In early February, the Virginia House and Virginia Senate voted on HB1907 and SB1222 respectively. The House passed the bill by a count of 94-4 and the Senate by 24-15. This means this bill, which makes texting while driving a primary offense that carries a mandatory fine of $200, is being taken seriously; there have been four similar failed attempts to criminalize the act in the past year alone.
Many are worried for being wrongfully charged if looking down at their phone for GPS or to make a phone call. Delegate Rich Anderson, R – Woodbridge, says people will only be ticketed for text related phone usage — so emailing, posting on FaceBook, texting, etc. The argument against texting while driving is strong. In Anderson’s district a texting driver ran off the road and into a man loading a mattress onto his car, being aided by a police officer. The man was killed and the police officer left permanently disabled. Virginia state senators argued that studies show that accidents caused by texting while driving are 23 more times likely to happen; that is comparable to getting behind the wheel of a car with a .08% blood alcohol content (the equivalent of driving while intoxicated in Virginia).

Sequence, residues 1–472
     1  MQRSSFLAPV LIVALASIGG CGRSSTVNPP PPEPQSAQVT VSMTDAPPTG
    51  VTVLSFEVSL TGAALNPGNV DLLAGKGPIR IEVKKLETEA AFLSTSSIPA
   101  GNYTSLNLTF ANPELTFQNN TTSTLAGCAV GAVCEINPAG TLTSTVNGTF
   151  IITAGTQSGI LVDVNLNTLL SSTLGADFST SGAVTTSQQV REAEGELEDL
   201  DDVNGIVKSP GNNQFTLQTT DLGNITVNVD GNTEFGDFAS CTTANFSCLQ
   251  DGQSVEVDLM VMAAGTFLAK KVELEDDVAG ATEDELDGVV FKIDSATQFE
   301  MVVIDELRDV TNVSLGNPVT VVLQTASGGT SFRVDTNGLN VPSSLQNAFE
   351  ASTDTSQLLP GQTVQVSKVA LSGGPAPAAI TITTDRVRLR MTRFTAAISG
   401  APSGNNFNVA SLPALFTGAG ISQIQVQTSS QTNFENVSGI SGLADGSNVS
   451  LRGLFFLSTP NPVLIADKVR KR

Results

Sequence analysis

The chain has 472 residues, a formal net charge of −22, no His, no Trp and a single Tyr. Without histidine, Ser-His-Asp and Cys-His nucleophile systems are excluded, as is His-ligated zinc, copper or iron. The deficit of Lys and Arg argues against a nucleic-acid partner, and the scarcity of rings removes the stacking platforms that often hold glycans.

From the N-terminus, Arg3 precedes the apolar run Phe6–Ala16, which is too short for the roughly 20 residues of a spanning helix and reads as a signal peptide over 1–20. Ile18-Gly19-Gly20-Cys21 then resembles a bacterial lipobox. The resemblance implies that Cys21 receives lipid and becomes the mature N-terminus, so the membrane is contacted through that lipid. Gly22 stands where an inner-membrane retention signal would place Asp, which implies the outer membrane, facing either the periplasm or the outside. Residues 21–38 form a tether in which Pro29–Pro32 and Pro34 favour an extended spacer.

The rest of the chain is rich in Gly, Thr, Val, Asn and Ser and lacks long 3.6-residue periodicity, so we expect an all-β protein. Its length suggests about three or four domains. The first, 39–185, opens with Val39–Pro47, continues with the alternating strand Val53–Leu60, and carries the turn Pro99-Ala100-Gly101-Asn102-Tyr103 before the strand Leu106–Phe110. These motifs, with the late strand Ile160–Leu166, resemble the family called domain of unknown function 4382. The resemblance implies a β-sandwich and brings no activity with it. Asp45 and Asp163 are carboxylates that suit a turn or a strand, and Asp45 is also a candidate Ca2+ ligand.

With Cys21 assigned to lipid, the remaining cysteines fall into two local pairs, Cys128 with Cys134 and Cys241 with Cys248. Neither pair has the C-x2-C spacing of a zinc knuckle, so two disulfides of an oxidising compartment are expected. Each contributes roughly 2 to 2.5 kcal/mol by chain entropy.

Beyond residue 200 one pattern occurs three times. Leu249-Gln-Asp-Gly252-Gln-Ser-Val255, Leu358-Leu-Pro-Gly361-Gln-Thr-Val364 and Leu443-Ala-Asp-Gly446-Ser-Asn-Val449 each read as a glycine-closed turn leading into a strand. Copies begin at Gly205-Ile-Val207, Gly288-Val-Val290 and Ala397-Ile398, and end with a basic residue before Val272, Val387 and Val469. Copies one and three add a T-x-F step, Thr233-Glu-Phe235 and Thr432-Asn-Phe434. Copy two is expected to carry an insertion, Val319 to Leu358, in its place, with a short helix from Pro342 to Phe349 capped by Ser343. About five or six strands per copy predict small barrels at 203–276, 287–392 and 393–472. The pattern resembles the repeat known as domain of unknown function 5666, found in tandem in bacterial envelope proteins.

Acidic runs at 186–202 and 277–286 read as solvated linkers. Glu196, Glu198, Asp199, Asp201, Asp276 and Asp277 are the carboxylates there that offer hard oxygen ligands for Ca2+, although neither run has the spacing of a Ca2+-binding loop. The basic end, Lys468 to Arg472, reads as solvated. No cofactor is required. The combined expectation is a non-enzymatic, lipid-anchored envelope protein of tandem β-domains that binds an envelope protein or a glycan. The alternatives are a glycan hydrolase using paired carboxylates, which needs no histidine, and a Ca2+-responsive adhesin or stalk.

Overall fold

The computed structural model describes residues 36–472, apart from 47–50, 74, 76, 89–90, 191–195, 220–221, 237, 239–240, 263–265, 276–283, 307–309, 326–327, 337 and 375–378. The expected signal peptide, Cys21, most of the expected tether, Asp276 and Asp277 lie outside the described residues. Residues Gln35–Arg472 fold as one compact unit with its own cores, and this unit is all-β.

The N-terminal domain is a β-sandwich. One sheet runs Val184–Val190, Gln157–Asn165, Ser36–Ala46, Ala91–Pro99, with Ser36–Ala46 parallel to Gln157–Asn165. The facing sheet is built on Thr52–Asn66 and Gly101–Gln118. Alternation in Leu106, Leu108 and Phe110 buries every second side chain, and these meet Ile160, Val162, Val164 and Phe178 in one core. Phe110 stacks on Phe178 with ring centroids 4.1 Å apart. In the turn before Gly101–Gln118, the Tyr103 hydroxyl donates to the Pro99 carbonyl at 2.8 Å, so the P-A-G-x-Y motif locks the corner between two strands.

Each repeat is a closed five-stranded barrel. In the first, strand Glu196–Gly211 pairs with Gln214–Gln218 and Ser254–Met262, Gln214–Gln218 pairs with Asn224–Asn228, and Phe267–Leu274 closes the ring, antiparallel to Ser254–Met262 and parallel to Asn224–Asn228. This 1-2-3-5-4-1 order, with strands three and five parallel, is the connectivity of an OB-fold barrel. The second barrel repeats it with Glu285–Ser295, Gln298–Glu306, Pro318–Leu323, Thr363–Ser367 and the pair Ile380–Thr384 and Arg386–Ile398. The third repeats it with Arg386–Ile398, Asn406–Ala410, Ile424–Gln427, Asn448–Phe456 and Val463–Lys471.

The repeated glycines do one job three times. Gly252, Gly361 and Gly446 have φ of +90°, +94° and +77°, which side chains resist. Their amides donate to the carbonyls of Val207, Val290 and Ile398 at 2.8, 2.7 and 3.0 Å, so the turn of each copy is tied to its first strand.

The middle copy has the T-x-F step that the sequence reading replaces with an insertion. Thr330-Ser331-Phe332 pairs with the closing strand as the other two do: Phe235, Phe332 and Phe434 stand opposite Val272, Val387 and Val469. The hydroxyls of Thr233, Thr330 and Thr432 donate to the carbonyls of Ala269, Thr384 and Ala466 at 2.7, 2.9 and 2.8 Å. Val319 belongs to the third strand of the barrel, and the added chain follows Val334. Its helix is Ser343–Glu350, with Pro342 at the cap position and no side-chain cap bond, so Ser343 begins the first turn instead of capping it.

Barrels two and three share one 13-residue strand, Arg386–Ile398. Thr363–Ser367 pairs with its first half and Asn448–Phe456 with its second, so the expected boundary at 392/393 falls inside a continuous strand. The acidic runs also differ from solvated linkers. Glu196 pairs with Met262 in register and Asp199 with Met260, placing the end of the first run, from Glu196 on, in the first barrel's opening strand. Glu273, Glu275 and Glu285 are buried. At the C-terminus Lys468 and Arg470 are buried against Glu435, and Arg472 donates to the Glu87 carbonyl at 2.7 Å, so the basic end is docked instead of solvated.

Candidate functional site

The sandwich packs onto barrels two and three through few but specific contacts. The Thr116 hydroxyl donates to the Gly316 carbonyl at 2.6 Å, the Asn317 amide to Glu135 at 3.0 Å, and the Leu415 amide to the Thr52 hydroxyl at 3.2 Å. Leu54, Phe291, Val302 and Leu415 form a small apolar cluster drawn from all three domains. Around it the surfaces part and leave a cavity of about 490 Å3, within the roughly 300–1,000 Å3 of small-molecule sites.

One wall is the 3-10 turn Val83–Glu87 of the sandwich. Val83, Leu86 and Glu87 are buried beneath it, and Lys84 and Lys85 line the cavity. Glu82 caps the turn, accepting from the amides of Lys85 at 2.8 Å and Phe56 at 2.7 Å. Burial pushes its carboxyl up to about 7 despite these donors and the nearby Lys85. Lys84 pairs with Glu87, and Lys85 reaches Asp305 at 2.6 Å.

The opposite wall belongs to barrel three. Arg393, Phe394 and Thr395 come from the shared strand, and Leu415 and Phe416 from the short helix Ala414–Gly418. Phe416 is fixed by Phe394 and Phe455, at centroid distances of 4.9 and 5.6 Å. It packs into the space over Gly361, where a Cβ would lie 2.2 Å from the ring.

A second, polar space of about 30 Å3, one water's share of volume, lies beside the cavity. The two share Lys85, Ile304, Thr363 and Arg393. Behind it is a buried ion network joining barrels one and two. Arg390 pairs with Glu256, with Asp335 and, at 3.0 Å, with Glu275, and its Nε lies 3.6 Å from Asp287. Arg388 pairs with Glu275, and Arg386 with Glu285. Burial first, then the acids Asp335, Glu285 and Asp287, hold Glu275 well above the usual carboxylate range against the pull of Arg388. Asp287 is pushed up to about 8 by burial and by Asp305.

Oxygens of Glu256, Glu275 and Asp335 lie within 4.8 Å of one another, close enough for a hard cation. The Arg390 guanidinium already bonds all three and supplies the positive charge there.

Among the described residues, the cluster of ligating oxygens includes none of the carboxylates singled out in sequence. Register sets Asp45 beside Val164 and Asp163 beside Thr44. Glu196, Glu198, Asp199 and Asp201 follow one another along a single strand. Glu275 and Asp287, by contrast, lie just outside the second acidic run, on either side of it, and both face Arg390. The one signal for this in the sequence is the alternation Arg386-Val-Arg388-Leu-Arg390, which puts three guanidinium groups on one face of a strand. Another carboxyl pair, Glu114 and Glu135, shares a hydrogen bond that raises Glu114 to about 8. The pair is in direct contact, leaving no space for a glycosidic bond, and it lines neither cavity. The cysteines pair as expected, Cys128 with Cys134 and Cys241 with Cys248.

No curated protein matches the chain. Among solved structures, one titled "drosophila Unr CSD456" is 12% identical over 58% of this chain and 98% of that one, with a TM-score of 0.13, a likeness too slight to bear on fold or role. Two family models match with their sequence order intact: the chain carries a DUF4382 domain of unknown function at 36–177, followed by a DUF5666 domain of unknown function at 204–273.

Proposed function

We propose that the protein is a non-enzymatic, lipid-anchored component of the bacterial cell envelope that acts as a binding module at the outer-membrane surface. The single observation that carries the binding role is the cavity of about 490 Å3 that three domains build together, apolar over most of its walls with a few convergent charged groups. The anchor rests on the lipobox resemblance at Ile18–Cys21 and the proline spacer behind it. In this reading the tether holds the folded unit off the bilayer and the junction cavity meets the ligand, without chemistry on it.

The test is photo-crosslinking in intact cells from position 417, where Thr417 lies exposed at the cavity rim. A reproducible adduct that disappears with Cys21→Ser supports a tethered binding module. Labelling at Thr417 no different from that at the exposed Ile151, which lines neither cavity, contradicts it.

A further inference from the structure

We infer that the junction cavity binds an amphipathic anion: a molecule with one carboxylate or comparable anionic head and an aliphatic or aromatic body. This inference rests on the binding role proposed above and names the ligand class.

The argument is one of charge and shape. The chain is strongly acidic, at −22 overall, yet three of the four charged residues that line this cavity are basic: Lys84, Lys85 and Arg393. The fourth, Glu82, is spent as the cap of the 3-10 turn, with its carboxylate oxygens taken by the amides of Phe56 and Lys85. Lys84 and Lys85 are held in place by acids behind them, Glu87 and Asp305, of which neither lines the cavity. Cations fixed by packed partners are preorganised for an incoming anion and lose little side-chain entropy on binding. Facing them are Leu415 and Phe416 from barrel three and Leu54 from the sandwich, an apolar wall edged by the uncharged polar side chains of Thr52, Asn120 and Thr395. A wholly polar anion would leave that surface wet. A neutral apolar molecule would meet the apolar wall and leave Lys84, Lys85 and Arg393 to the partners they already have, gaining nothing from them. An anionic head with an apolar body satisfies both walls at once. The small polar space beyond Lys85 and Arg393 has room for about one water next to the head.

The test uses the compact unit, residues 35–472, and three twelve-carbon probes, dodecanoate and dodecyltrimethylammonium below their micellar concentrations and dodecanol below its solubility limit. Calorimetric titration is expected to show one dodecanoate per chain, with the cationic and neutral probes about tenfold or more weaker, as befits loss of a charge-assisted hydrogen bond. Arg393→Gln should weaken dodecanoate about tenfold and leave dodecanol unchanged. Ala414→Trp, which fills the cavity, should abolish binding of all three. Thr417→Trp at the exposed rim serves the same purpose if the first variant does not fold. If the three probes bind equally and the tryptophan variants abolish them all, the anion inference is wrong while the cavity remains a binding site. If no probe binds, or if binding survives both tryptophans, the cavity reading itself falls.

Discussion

As of right now, texting is still only a secondary offense which means you must be in the act of another traffic violation in order to be ticketed for it (speeding for instance). The two bills will go to a committee to be re-worded and once the legislators have agreed upon proper language and terms they will send the bills back to the House and Senate. If these bills are passed then they may be enacted as early as April. Coincidentally, April is National Distracted Driving Awareness Month.
If you’ve been accused recently or you are caught in the future and have a traffic charge in Prince William, Loudoun or Fairfax County call 703-218-8416 for a free consultation with Virginia traffic lawyers Alex Gordon and Carlos Wall. You may also call The Gordon Law Firm toll-free at 1-866-591-NOVA (6682).